2 ounces Dragon's-blood dissolved in a quart of rectified spirits of wine, shake frequently during process of dissolution.


In 1 gallon of water boil 1/2 pound of madder and 2 ounces of logwood chips, brush the decoction, whilst hot, well over, and when dry, paint over the work with a solution of pearlash, composed of 2 drams of pearlash to a quart of water.


In 1 quart of oil of turpentine dissolve 2 ounces of Dragon's-blood, keeping the vessel in a warm place, and frequently shaking it. When completely dissolved, the mixture is to be applied to the work, or if the latter be small, it may be steeped in the stain.

Grind raw sienna on a slab, using beer as a medium, during grinding, add burnt sienna until the desired color is obtained. This mixture is then to be thinned, either with more beer or with water, and is to be applied with a brush, and wiped off with a piece of flannel. It is desirable to avoid foxey colored mahogany, and if this stain should give too brown a color, a wash made of madder or logwood boiled in water may be passed either entirely or partially over it. The work may then be oiled, varnished, or polished, as desired.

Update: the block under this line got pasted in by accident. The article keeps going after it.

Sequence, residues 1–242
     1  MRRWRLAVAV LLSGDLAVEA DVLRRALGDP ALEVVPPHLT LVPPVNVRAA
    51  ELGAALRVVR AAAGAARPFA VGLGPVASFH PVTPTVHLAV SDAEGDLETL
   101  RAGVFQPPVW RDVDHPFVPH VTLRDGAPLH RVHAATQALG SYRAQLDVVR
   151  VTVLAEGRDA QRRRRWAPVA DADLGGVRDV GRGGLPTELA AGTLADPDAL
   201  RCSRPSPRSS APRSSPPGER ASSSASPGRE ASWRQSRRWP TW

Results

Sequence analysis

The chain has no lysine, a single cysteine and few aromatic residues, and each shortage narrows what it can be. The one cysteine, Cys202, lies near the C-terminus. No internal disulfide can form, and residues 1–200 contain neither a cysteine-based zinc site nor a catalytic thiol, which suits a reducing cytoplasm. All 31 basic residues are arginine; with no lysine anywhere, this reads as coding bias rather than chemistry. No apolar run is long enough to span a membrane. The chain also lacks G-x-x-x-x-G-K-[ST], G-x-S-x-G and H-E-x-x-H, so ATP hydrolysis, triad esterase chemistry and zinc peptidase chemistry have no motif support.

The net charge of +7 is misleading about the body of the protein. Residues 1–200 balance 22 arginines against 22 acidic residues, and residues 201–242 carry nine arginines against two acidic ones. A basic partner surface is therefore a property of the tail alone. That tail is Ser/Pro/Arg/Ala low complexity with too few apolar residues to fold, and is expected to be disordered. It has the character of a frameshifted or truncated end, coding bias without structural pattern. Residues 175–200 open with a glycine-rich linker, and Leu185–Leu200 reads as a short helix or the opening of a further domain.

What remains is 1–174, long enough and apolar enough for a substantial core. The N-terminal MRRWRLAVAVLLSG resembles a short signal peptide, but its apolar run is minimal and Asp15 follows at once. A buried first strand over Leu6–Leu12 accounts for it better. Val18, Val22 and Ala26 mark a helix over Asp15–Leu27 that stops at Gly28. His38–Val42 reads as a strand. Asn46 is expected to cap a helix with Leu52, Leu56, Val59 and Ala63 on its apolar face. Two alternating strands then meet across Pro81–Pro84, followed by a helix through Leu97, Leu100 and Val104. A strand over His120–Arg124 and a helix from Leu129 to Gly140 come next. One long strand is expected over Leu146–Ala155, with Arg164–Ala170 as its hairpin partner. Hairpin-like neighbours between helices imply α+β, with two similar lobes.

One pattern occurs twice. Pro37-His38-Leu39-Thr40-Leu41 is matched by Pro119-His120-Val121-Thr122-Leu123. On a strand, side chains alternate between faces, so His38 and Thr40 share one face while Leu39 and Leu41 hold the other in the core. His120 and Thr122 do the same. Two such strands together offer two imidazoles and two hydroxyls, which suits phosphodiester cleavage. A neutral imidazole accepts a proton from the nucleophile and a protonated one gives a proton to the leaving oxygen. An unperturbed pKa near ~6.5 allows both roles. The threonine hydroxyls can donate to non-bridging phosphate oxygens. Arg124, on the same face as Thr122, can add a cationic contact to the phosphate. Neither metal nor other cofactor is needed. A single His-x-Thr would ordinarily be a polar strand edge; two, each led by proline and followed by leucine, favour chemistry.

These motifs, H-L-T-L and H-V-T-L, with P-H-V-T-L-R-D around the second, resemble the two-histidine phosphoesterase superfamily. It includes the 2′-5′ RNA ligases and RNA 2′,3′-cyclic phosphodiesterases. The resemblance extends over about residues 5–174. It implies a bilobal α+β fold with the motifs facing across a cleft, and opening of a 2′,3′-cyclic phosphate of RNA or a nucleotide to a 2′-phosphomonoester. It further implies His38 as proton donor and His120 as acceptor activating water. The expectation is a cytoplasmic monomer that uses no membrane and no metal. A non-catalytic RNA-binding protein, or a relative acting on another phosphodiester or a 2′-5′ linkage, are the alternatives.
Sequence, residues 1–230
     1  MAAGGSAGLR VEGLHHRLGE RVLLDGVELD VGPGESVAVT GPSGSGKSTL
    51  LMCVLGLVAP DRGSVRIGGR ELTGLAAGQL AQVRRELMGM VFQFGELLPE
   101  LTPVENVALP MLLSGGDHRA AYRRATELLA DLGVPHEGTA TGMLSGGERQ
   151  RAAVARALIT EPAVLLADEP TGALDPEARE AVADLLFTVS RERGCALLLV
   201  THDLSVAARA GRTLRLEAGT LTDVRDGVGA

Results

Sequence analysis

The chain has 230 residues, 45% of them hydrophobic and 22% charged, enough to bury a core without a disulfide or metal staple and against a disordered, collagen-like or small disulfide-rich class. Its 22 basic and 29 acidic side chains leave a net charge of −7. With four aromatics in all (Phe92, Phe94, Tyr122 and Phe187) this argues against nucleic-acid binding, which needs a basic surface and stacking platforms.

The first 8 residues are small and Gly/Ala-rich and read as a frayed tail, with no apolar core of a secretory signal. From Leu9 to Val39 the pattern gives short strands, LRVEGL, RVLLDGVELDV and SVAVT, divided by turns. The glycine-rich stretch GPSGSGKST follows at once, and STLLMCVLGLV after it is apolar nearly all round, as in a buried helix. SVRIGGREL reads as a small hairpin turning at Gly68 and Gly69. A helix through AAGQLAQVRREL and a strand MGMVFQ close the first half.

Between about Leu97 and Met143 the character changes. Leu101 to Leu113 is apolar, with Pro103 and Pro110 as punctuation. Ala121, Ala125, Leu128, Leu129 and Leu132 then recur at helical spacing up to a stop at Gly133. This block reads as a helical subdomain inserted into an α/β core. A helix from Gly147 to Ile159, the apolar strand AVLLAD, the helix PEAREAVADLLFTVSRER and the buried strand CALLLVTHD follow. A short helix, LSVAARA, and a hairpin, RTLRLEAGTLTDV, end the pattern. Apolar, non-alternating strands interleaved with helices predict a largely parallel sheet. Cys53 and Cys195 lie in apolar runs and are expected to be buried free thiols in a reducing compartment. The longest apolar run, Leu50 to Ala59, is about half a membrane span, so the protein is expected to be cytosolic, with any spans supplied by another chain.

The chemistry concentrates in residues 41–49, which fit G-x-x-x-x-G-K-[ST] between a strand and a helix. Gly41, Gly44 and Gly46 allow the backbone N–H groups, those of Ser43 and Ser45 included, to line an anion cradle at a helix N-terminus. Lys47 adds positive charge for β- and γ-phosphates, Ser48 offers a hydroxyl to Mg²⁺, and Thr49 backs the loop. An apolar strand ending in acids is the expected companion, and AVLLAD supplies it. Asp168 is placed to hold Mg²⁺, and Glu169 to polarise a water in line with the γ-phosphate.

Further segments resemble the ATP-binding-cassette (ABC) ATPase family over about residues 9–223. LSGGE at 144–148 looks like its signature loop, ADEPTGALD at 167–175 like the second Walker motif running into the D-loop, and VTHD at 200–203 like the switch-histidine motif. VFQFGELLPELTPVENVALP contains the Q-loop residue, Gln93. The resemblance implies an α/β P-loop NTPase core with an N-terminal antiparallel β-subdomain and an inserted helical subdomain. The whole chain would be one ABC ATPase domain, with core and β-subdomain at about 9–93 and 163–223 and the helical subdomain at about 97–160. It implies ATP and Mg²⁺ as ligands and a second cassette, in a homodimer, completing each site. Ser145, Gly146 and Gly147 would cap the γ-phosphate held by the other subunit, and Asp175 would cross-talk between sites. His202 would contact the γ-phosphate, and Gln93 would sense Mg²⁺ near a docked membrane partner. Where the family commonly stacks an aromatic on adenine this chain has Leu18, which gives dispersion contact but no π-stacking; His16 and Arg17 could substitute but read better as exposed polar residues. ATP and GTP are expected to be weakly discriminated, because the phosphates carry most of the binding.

Dragon's-blood is a name given to several resins found in commerce, which have a similar appearance, a fine dark red. They are produced by one or two species of calamus, or cane-palm, and are used for coloring varnishes, and for dyeing horn so as to make it resemble tortoise-shell. The following are the various kinds of dragon's-blood: In sticks, called stick dragon's-blood. Dragon's-blood in drops or beads, said to be the best. Dragon's-blood in tears. Dragon's-blood in lumps.

Madder is one of the most important coloring substances known, and there are several species of it. The plant is extensively cultivated in Southern Europe and in Holland. Very large quantities of the root come from Smyrna, Trieste, Leghorn, and other Mediterranean ports, much of that which is received from Holland is in powder, and comes in large casks. The Turks formerly understood the manufacture and uses of madder better than other nations, and the color thus obtained the name of Turkey red. In commerce there are the following varieties of common madder: Smyrna, French, Syrian, and Italian roots, and French, Dutch-crop, Ombros, and Mull ground madders.